Taxes in Your State

Discussion in 'Homesteading Questions' started by rcbarlow, Jan 28, 2005.

  1. rcbarlow

    rcbarlow Member

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    Since quite a few of you are from different States, I would like to know what the tax situation is in your state. I am still looking for a place to purchase.

    I know there are a few states that do not have State income taxes, but I think most have sales taxes. What is the tax burden in your state? (Income, property, sales, and is retirement income taxed).
     
  2. mike3367

    mike3367 lost in my own mind

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    Ada Ok.
    oklahoma has all the taxes and then some lol but property tax wasnt to bad i just bought a 70k house and the property tax was only 242.00
     

  3. rcbarlow

    rcbarlow Member

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    Florida has no state income taxes but makes up for it in other ways.
    Sales tax is 6.5%. Property taxes are a little on the high side, but they give you a 25,000 homestead exemption.
     
  4. duke3522

    duke3522 Well-Known Member

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    Indiana
    Here in the Hoosier state we have a 3.4% income tax. A 6% sales tax. And property taxes are all over. My house has assessed at $64,000 on 2.77 acre runs $950 year including a $40 ditch fee.
     
  5. Cosmic

    Cosmic Well-Known Member

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    You probably want nothing to do with anything in New England.

    MA is one super good to avoid state. It has them all and then some.

    Sales tax 5%

    State income supposed to be 5% for normal income but there is an "Emergency" surtax that is sort of permanent therefore ~5.75%, the real kicker many sources of investment or non-earned income are taxed at 12% if non-MA earned. They tax SS if the Feds do. Few exemptions, puny deductions.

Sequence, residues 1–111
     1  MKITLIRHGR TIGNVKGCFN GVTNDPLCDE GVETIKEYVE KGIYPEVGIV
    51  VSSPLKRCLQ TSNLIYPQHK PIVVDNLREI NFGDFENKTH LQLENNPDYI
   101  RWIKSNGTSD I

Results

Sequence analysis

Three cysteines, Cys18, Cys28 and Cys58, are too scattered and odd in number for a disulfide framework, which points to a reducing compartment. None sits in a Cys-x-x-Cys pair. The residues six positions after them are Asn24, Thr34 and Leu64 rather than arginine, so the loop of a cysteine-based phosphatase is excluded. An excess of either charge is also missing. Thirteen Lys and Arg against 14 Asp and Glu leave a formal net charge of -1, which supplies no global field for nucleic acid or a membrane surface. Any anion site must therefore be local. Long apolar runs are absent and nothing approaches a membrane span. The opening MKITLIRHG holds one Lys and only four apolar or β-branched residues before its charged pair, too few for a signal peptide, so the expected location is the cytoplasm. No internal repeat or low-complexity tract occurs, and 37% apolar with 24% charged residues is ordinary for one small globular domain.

Property taxes are high, as values of houses increase, they do not adjust the rates down to compensate, treat it as a cash cow. There is supposed to be a cap on the rate it can increase each year, but the starting point is so high, even a few percent can be a killer. Some places give home owner exemption of so much if you live in the property.

    They also tax your cars, trucks and anything with a license. $25 per $1000, can be a killer at todays car prices and multiple car families, coupled to some of the highest insurance around. You pay it EVERY year not just the year, you buy the car, even driving a very old car can't escape it, they have a minimum tax, no matter the worth of the car. Many companies will not write insurance in MA so have a limited pool to buy from. Slip in a beast of a car inspection system and it is highway robbery without the need for a gun.

    Retirement income may be / may not be taxed. Depends on the source, many are not, not out the grace of their heart but usually because Federal Law prevents it. If it can be taxed it usually is.

    The fees and fines and payments for everything is wicked. Everything has some sort of a fee, pay late, you get a fine / charge. Even things like permits to store your heating oil, paid yearly. Rather massive investment in computers to track and squeeze every penny. Failure to pay something usually results in an inability to do something else. Lot is tied to the ability to renew you drivers license. They keep a database, can't get the renewal until you are declared clean, same with many professional licenses.

    P.S. The Kennedy's don't usually subject themselves to this ordeal. Teddy's cars are registred in the D. of C.
     
  6. Freeholder

    Freeholder Well-Known Member

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    NH is similar to Mass. but no income tax or sales tax (which is why all those Mass. people go to NH to shop!).